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Fortunately, a few weeks ago Dr. Thomas Sowell once again joined Uncommon Knowledge. Together with Peter Robinson he discussed one of his favorite topics, the role of intellectuals in society. If you like, you can watch the whole interview or some highlights below:

Intellect is not wisdom.

All of us only have a narrow range within which we may be great, but a few steps outside that range we are completely lost.

The percentage of cabinet appointments who had experience in the private sector: administration of Dwight Eisenhower almost 60 percent, George W. Bush over 50 percent, Barack Obama barely 20 percent.

The whole discussion reminded me of two other brilliant sentences by Dr. Sowell:

Much of the social history of the Western world over the past three decades has involved replacing what worked with what sounded good.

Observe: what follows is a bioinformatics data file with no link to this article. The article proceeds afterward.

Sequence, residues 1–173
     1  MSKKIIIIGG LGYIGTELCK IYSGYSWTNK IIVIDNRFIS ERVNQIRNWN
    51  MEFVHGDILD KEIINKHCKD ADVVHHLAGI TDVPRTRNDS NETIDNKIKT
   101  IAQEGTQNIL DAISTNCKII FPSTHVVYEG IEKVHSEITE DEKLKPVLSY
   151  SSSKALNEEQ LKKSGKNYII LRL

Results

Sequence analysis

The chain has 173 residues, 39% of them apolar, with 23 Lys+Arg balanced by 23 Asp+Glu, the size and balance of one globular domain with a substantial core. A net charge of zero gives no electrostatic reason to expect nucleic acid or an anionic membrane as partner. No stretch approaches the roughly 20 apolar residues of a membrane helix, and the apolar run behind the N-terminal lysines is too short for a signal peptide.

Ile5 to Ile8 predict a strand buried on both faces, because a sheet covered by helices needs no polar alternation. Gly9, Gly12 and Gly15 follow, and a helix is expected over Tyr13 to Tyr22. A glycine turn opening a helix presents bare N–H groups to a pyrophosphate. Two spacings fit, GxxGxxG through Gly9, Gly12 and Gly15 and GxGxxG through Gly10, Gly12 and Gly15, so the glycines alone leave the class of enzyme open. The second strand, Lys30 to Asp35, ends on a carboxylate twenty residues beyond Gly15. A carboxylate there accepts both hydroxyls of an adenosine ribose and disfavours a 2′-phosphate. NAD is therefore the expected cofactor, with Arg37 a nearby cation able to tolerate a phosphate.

There is usually only a limited amount of damage that can be done by dull or stupid people. For creating a truly monumental disaster, you need people with high IQs.

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Recently I found this rather intelligent discussion of inequality issues in the United States. John Stossel talks with Deroy Murdock and Arthur Brooks:

What we have to worry about is mobility, not inequality.

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Maybe the best thing you can say about the current “Occupy” movements is that they have good intentions. But if this true, I would immediately recall Bernard of Clairvaux’s famous phrase “The road to hell is paved with good intentions.